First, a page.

Before moving on, adjust your label to be the correct size based on where you plan to put it. This might involve measuring your label holder, bin clips, or basket front in order to get the size just right.
To re-size the label, select the entire label (ALL of the layers together) and drag-and-drop to your desired size or type in a specific dimension on the top toolbar.
Step 6 – Duplicate Your Labels
If you are using your Cricut machine to make labels, there’s a very good chance you need more than one. So it is now…after your design is designed, colored, labeled, and sized…that you should duplicate it. Here are the steps you’ll need to follow:
- Select the ENTIRE label (shape, border, decorative details, AND word).
- Click “Duplicate” in the upper righthand toolbar (or use Copy/Paste keyboard shortcuts).
- Double-click on the text to change the word.
- Re-center everything using the Align Tools.
Repeat as many times as needed until all your labels are designed!
Step 7 – Attach the Text & Label Together
The very last step before you can send your beautiful labels to your Cricut machine is to attach everything together. To do so, again select the entire label (one full label at a time), and click “Attach” in the bottom righthand toolbar. This will essentially bind the shape, text, and any other decorative features into one single label.
NOTE: If you skip this step, your text (and other decorative elements) will NOT be drawn directly on top of the label shape. This step is essential to your Cricut machine cutting and drawing your labels exactly as you designed them.
Part 2 | Drawing & Cutting Your Labels with a Cricut Machine
Phew! The hard part is over (designing your labels)…now it’s time to sit back and watch your Cricut machine do the rest of the job!
Send Labels to Your Cricut Machine
To send your labels to your Cricut machine, click the green “Make It” button in the upper right-hand corner.
TIP! If you try sending labels to a Cricut Joy and you are given a warning that your “Project Isn’t Compatible,” it is usually because of the default pen color. Simply change all your pen layers to a color option shown in your dropdown menu to eliminate the yield sign.
On the Preview screen, you will be prompted to cut “On Mat” or “Without Mat.” Make a selection based on what kind of material you will be using. Here, you can also double check that all your label designs are “attached” correctly and everthing looks just the way you want it.
On the (next) Make screen, you will first need to select a material. Use the “Browse All Materials” button to find whatever you’ll be using.
Follow the On-Screen Prompts to Load Pen, Mat, and Materials
From here, you simply need to follow the on-screen prompts in order for your Cricut machine to make your designed labels.
No matter which machine you are using, it’s this final screen in Cricut Design Space that tells you precisely when and where to load pens, blades, and materials/mats so your project can execute.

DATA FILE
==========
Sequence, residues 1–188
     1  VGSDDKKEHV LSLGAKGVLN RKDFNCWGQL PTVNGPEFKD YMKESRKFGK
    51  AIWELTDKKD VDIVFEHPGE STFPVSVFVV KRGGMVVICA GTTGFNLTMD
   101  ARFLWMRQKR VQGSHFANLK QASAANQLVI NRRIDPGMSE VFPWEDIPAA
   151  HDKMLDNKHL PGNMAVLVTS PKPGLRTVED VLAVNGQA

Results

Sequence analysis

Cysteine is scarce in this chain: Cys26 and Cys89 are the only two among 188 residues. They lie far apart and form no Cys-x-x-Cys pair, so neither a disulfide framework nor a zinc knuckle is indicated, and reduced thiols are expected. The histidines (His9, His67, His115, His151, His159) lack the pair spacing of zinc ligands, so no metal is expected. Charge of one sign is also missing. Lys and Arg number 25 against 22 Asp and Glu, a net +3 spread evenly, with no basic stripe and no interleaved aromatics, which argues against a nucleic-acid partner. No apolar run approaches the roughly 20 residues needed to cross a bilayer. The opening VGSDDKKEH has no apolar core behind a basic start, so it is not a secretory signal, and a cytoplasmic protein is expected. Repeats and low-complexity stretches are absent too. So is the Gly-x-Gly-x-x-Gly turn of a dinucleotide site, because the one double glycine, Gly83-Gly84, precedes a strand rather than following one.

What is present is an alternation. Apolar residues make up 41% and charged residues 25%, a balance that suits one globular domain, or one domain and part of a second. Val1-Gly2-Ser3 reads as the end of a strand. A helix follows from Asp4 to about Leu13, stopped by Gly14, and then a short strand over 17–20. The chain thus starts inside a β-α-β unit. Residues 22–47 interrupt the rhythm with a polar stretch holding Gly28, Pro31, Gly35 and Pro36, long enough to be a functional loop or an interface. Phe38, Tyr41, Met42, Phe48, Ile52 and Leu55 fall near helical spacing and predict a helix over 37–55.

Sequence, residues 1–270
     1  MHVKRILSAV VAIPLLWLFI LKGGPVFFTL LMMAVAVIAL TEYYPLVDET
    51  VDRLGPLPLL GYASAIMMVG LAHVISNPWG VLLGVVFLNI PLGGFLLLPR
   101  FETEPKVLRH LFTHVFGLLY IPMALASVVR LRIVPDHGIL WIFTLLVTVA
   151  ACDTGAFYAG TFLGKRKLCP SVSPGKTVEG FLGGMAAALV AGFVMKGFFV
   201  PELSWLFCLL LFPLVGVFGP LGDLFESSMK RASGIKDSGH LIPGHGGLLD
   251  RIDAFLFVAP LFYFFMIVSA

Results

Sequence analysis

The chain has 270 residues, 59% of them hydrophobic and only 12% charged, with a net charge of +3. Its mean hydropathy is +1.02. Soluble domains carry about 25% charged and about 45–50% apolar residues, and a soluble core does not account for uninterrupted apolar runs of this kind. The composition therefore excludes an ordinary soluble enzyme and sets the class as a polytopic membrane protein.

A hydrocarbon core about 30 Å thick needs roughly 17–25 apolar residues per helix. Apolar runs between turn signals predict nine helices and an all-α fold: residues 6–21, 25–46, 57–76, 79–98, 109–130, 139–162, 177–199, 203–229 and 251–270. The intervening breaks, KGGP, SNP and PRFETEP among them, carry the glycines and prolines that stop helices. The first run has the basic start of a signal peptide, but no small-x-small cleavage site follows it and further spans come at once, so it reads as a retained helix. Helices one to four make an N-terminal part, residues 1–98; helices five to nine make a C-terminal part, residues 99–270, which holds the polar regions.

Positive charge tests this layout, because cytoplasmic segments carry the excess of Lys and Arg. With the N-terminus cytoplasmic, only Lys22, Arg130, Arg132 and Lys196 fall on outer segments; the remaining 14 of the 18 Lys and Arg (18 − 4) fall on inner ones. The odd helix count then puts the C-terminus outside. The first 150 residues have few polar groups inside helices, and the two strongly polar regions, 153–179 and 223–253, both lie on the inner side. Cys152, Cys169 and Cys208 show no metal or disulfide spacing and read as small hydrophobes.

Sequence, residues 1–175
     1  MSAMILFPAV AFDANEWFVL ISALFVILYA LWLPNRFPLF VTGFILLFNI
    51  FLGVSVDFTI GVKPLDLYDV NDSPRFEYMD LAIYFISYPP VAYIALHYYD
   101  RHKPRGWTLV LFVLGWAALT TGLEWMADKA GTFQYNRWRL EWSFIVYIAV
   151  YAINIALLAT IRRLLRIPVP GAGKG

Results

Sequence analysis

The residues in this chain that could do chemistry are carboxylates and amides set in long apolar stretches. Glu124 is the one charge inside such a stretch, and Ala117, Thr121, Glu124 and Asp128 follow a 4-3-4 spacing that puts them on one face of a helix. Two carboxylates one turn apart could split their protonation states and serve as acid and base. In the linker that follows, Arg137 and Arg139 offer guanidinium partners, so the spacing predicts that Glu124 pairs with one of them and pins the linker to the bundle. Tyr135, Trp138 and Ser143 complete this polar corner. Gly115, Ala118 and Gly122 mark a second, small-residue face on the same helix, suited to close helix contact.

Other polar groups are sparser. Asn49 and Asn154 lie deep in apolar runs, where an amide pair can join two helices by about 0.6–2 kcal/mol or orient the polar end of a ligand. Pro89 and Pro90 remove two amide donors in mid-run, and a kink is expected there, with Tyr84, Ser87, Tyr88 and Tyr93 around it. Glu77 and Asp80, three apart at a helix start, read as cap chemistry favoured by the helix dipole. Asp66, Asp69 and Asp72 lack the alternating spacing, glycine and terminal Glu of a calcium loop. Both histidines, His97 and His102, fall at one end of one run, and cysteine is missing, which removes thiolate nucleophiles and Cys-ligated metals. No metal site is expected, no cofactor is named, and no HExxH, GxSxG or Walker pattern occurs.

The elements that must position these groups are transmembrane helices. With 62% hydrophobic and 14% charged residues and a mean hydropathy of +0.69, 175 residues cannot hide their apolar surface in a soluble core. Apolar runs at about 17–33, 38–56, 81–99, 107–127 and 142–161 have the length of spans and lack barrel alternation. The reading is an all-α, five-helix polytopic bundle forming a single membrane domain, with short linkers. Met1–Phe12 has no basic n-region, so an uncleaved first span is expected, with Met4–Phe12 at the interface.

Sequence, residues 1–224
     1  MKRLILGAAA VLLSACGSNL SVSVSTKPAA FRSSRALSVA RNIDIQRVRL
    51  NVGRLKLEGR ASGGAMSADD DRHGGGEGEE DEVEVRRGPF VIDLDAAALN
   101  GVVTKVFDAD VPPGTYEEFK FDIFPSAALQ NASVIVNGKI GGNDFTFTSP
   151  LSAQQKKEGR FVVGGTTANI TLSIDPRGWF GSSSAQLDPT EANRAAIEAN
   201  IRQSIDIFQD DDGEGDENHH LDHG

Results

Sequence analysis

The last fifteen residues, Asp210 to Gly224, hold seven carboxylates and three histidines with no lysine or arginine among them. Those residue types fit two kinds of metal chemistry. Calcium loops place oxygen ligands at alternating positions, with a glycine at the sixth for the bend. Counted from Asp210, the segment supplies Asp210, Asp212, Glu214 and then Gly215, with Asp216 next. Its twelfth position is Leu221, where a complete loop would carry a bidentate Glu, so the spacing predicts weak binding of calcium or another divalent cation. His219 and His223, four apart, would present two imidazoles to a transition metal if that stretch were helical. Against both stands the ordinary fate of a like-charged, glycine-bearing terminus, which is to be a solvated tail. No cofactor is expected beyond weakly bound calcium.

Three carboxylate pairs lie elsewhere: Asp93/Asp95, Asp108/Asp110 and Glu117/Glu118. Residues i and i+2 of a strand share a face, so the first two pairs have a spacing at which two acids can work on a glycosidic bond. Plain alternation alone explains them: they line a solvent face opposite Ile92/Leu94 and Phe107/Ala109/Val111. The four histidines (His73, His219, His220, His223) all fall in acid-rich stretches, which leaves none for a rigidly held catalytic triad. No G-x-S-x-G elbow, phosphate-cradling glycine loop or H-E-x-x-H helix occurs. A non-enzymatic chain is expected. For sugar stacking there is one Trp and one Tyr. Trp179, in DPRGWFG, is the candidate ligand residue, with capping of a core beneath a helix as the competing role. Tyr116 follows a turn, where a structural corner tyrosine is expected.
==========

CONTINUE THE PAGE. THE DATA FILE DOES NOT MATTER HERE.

All Cricut machines will first draw/write all the Pen details, including the text, borders, and decorative elements. On Cricut Maker/Explore models, you load the Cricut Pen right alongside the Premium Fine-Point Blade.
If you are using a Cricut Joy machine, you will need to remove the blade and place the Cricut Joy pen into the single holder.
If you need help with loading your Cricut Pen into your machine, see here: How to Use Cricut Pens.
After your Cricut is done with all the writing, it will then proceed to cut out each label shape. Cricut Maker/Explore models will start this step right away; Cricut Joy users will need to swap out the pen for the blade before proceeding.
With your labels now both drawn AND cut, you can unload your new labels from your machine!
Part 3 | Applying Your Labels
If you used cardstock to make your labels, you can likely just slide them directly into some sort of holder or bin clip.
If you used an adhesive-backed product (such as Smart Paper Sticker Cardstock, Writable Paper, or Smart Label), you will want to clean the surface of any residue, debris, or dust before sticking on your label.
For most peel-and-stick products, simply lift up your perfectly-cut label…
…and stick it right onto the container itself! Keep adding labels until your organization project is complete.
If you ever need additional labels or to change the text, simply open your Cricut Design Space file, swap out the words, and re-cut!
More Cricut Pen Labeling Projects
Ready to make more labels with your Cricut machine and Cricut Pens? Here are some other fun versions to try!
- Pantry Labels with a Cricut
- Dresser Drawer Labels with a Cricut
- Addressing Envelopes with a Cricut
- Return Address Labels with a Cricut
- Write on Tags with Cricut Pens
I hope this tutorial demonstrates that the possibilities really are endless when it comes to making labels using Cricut Pens in your Cricut machine. By selecting the shape, size, decorative elements, fonts, paper color, and pen color, you can make labels that look exactly as you want. And even if they don’t turn out quite right…it’s easy enough to fix a few details and try again.
If you have yet to use Cricut Pens for your labeling projects, now’s the time to give it a try!
One Comment on “How to Use Cricut Pens to Make (Gorgeous) Custom Labels”
How wonderful and exciting to have the help and guidance I need. I’ve never used Cricut Design Space. Hopefully I’ll be able to set it up soon. Should I put it on my iPad or my Desktop? (If I’m not supposed to ask questions here, forgive me. I’ll try to remember to post it where I’m supposed to, 😏).
Thank you so much for sharing your experience and knowledge with me! I am a 74 year old great grandmother who has worked with my husband’s business for most of our married life. Looking forward to getting creative for these little ones and sharing my love for creating.